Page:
Case of the Day: Chanel v. Bestbuyhandbag.com

The case of the day is Chanel, Inc. v. Bestbuyhandbag.com (S.D. Fla. 2014). Chanel sued a bunch of defendants for trademark infringement, false designation of origin, and unfair competition. The allegation was that the defendants were selling knockoffs via their websites.

The judge easily and correctly granted Chanel’s motion under FRCP 4(f)(3) for leave to serve process by email. Although some of the defendants were thought to be in China, and although China has objected to service by postal channels (and service by email is in my view impermissible under the Hague Service Convention in any case), under Article 1, the Convention simply doesn’t apply when the defendant’s address is unknown.

The case is, therefore, pretty routine. I mention it just to highlight two points from the court’s order granting the motion. First, the court directed the emails to be sent to the addresses the domain name registrants had provided to the domain name registrars. This seems like good practice to me in cases where the business has no real-world presence and seems to do exist only as a website and where it’s impossible to identify any human being associated with the business.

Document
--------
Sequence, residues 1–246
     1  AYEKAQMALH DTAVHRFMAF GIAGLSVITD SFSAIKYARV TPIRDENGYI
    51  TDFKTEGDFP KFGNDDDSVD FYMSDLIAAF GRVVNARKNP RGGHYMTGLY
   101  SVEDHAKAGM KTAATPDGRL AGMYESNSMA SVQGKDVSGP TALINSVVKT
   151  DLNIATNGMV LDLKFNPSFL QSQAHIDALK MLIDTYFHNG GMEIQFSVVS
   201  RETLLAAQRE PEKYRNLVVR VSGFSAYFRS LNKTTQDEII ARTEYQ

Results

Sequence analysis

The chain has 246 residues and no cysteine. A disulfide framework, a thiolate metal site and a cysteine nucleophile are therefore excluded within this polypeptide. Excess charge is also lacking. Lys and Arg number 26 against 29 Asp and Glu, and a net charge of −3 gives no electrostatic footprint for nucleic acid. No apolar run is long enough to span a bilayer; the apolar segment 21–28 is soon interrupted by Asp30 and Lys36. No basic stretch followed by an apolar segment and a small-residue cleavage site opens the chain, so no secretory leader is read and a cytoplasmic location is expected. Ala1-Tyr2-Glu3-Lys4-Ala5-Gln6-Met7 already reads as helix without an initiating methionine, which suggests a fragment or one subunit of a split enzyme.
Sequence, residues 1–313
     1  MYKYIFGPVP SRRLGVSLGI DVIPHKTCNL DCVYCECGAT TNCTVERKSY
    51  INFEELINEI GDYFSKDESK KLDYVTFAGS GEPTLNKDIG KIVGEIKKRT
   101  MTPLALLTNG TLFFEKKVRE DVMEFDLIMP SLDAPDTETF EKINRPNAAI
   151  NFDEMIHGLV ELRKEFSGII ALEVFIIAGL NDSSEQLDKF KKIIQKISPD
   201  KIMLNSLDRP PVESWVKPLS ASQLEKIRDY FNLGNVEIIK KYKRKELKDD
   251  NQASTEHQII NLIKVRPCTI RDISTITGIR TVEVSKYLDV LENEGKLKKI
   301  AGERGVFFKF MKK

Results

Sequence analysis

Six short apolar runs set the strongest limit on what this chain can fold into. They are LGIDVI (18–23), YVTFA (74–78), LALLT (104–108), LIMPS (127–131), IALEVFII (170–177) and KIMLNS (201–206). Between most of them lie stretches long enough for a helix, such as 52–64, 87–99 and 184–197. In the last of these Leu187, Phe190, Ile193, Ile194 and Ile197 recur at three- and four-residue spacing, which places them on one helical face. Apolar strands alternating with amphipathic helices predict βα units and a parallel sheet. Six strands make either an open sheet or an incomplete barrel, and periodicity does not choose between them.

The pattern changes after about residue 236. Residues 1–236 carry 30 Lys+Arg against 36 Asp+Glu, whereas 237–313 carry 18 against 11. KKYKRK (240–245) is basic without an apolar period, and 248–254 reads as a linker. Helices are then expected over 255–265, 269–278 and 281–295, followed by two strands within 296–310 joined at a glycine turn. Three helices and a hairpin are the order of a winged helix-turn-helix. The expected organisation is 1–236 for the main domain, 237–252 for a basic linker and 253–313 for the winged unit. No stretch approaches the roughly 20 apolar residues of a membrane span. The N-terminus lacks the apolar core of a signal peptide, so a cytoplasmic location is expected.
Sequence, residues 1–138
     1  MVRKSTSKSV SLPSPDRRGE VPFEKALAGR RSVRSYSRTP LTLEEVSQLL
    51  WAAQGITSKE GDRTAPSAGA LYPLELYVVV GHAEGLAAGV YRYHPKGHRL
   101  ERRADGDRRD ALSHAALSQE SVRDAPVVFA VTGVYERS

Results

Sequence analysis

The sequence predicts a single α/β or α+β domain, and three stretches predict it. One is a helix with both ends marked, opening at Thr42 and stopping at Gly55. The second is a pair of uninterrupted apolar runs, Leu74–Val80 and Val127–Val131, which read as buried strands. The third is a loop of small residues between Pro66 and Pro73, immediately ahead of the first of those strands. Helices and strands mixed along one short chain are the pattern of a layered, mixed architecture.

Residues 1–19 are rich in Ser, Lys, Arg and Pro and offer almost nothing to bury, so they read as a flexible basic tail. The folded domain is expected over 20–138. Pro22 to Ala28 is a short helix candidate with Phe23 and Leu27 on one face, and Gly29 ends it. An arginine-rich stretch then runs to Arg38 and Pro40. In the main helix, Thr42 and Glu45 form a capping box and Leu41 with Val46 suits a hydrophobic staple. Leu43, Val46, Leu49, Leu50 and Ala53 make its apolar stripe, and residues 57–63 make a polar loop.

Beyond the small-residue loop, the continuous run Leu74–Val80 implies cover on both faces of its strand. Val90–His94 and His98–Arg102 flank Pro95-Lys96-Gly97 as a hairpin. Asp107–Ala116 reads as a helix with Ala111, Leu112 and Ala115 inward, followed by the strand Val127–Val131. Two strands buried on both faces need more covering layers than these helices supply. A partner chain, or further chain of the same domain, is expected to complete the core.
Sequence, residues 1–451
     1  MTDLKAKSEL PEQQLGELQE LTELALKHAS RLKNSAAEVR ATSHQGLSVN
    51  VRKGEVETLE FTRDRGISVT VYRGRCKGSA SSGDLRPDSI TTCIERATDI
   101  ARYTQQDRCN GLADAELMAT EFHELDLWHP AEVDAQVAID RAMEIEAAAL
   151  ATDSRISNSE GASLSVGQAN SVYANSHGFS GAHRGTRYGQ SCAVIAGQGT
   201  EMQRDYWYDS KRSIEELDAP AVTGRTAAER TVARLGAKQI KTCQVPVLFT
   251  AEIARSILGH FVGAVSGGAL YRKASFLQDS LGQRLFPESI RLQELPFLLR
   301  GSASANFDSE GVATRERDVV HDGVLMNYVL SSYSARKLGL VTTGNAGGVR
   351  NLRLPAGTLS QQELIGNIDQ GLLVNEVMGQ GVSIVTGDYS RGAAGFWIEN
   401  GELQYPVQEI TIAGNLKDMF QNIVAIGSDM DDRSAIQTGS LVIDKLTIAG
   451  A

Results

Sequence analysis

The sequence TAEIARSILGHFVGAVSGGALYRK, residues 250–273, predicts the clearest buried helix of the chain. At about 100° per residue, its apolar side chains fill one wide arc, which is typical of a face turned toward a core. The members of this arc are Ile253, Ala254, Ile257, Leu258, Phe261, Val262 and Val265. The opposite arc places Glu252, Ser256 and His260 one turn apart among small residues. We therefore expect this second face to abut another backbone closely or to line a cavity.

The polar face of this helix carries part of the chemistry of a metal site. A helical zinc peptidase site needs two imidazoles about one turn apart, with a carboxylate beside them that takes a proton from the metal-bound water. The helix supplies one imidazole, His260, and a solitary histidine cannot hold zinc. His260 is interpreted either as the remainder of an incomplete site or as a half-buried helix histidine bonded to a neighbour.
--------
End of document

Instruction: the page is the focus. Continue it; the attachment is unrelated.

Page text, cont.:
Second, the court directed Chanel to maintain a notice of the lawsuit on a web page at servingnotice.com. I am not familiar with that website, though a Google search suggests Chanel has used it more than once, as has Tiffany at least once. I am trying to learn a little more about the website and will let you know what I find out.

About Ted Folkman

Ted Folkman is a shareholder with Murphy & King, a Boston law firm, where he has a complex business litigation practice. He is the author of International Judicial Assistance (MCLE 2d ed. 2016), a nuts-and-bolts guide to international judicial assistance issues, and of the chapter on service of process in the ABA's forthcoming treatise on International Aspects of US Litigation, and he is the publisher of Letters Blogatory, the Web's first blog devoted to international judicial assistance, which the ABA recognized as one of the best 100 legal blogs in 2012, 2014, and 2015.

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